“There were already people that had deviated from Bill Monroe’s style of bluegrass,” Bush explains. “If anything, we were reviving a newgrass style that had already been started. Our kind of music tended to come from the idea of long jams and rock-&-roll songs.”

Shunned by some traditionalists, New Grass Revival played bluegrass fests slotted in late-night sets for the “long-hairs and hippies.” Quickly becoming a favorite of rock audiences, they garnered the attention of Leon Russell, one of the era’s most popular artists. Russell hired New Grass as his supporting act on a massive tour in 1973 that put the band nightly in front of tens of thousands.

At tour’s end, it was back to headlining six nights a week at an Indiana pizza joint. But, they were resilient, grinding it out on the road. And in 1975 the Revival first played Telluride, Colorado, forming a connection with the region and its fans that has prospered for 45 years.

Bush was the newgrass commando, incorporating a variety of genres into the repertoire. He discovered a sibling similarity with the reggae rhythms of Marley and The Wailers, and, accordingly, developed an ear-turning original style of mandolin playing. The group issued five albums in their first seven years, and in 1979 became Russell’s backing band. By 1981, Johnson and Burch left the group, replaced by banjoist Bela Fleck and guitarist Pat Flynn.

A three-record contract with Capitol Records and a conscious turn to the country market took the Revival to new commercial heights. Bush survived a life-threatening bout with cancer, and returned to the group that’d become more popular than ever. They released chart-climbing singles, made videos, earned Grammy nominations, and, at their zenith, called it quits.

“We were on the verge of getting bigger,” recalls Bush. “Or maybe we’d gone as far as we could. I’d spent 18 years in a four-piece partnership. I needed a break. But, I appreciated the 18 years we had.”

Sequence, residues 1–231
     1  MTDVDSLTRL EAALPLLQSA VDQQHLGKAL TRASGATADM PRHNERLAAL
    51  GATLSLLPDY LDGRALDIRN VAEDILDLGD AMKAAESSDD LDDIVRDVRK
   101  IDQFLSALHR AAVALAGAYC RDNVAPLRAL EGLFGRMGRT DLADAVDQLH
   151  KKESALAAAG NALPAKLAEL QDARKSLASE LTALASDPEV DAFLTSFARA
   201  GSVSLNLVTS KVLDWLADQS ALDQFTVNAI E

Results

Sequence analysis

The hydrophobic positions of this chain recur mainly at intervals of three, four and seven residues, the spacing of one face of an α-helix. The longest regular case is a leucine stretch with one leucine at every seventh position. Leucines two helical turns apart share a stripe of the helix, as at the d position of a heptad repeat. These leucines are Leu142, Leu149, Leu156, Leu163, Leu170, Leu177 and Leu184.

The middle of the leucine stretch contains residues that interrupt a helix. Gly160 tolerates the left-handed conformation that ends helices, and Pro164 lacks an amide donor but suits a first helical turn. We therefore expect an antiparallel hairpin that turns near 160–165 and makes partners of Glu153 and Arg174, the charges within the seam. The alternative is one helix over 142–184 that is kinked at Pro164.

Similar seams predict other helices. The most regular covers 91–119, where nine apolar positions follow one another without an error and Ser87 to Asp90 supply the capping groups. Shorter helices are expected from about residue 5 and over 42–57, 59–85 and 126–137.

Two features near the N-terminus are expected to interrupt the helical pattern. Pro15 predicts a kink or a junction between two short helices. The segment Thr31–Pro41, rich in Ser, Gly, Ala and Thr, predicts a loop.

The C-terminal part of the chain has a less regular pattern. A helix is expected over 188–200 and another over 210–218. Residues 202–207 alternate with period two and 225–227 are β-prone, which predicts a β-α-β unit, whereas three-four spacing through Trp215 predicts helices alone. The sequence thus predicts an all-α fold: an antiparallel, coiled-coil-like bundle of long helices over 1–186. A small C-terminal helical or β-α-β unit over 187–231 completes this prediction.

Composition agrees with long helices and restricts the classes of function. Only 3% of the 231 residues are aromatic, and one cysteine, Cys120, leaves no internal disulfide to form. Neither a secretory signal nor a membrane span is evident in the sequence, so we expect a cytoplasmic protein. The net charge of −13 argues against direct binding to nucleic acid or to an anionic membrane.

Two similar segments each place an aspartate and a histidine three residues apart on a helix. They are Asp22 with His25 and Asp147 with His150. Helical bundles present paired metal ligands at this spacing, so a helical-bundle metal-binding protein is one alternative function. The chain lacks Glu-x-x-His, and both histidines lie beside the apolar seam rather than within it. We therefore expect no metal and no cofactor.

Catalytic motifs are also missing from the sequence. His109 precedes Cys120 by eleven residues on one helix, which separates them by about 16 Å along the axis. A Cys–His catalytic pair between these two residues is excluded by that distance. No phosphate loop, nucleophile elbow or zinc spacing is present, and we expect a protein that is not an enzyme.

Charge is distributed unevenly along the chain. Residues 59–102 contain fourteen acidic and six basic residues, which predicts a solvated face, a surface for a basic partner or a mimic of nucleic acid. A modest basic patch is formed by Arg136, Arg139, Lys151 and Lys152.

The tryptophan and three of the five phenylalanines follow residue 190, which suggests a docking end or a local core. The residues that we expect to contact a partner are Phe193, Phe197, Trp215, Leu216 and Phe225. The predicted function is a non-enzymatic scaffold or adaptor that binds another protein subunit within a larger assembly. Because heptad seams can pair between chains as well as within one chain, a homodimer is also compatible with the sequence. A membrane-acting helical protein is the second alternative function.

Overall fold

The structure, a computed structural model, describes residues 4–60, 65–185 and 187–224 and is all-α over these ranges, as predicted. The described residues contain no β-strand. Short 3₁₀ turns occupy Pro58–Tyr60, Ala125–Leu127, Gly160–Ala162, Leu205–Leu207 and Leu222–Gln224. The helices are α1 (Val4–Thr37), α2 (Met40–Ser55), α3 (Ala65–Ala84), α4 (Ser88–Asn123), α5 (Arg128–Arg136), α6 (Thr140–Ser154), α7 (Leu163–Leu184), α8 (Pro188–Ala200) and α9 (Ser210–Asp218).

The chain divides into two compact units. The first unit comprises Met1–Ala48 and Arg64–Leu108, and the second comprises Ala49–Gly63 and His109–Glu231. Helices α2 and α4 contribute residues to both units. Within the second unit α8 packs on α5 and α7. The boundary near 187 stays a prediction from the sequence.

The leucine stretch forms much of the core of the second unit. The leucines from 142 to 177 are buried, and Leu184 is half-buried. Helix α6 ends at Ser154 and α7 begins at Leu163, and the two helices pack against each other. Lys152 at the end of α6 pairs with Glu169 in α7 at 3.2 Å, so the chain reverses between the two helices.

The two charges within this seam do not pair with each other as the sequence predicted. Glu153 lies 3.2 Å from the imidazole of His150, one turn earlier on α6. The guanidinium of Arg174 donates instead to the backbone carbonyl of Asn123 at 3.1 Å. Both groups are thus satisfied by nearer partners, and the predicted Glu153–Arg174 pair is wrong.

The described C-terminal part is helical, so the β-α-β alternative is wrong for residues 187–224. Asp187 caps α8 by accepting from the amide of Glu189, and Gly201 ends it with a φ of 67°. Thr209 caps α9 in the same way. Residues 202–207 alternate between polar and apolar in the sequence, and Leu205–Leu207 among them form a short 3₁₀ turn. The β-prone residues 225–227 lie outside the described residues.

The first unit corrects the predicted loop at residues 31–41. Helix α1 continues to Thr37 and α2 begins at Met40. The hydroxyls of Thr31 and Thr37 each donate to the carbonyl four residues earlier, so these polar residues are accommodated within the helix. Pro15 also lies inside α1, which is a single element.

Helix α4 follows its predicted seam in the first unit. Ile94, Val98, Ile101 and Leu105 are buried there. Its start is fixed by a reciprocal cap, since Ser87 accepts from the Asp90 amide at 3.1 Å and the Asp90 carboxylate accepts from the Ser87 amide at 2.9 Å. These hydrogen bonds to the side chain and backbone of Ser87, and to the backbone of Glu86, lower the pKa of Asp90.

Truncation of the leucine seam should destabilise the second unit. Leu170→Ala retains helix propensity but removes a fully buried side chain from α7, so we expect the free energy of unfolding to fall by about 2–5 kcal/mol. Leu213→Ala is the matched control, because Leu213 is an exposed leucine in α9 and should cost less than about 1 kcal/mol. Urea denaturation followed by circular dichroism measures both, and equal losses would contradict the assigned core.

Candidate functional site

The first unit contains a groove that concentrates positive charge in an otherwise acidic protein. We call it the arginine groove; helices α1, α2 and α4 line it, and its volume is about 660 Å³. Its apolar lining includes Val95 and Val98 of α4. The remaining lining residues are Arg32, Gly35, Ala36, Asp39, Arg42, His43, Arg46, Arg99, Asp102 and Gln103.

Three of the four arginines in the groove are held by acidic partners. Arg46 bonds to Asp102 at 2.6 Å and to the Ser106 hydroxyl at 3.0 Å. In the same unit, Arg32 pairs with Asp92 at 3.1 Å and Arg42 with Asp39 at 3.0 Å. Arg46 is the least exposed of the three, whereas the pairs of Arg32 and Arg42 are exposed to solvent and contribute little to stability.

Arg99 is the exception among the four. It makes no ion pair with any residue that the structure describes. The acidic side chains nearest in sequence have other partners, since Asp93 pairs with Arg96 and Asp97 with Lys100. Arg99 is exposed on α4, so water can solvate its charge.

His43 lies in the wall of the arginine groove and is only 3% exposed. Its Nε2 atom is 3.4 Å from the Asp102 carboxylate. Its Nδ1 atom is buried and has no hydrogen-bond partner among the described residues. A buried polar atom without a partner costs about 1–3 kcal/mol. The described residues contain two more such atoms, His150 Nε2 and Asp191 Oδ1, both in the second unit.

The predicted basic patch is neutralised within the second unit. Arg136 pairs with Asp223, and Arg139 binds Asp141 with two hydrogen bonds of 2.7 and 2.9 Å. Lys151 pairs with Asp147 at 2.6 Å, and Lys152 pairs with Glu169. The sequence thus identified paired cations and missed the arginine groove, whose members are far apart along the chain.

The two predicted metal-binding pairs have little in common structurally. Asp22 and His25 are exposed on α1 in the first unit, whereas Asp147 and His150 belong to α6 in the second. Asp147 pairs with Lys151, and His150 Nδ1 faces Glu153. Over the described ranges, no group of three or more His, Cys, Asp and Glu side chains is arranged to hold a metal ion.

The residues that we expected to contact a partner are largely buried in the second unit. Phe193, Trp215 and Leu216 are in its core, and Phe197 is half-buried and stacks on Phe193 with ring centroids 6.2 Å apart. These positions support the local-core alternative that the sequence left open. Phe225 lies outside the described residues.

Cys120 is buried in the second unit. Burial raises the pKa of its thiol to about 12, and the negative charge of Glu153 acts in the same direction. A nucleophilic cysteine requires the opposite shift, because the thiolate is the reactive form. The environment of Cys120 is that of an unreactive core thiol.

Bush worked the next five years with Emmylou Harris’ Nash Ramblers, then a stint with Lyle Lovett. He took home three-straight IBMA Mandolin Player of the Year awards, 1990-92, (and a fourth in 2007). In 1995 he reunited with Fleck, now a burgeoning superstar, and toured with the Flecktones, reigniting his penchant for improvisation. Then, finally, after a quarter-century of making music with New Grass Revival and collaborating with other bands, Sam Bush went solo.

He’s released seven albums and a live DVD over the past two decades. In 2009, the

Americana Music Association awarded Bush the Lifetime Achievement Award for Instrumentalist. Punch Brothers, Steep Canyon Rangers, and Greensky Bluegrass are just a few present-day bluegrass vanguards among so many musicians he’s influenced. His performances are annual highlights of the festival circuit, with Bush’s joyous perennial appearances at the town’s famed bluegrass fest earning him the title, “King of Telluride.”

“With this band I have now I am free to try anything. Looking back at the last 50 years of playing newgrass, with the elements of jazz improvisation and rock-&-roll, jamming, playing with New Grass Revival, Leon, and Emmylou; it’s a culmination of all of that,” says Bush. “I can unapologetically stand onstage and feel I’m representing those songs well.”

Artist Bio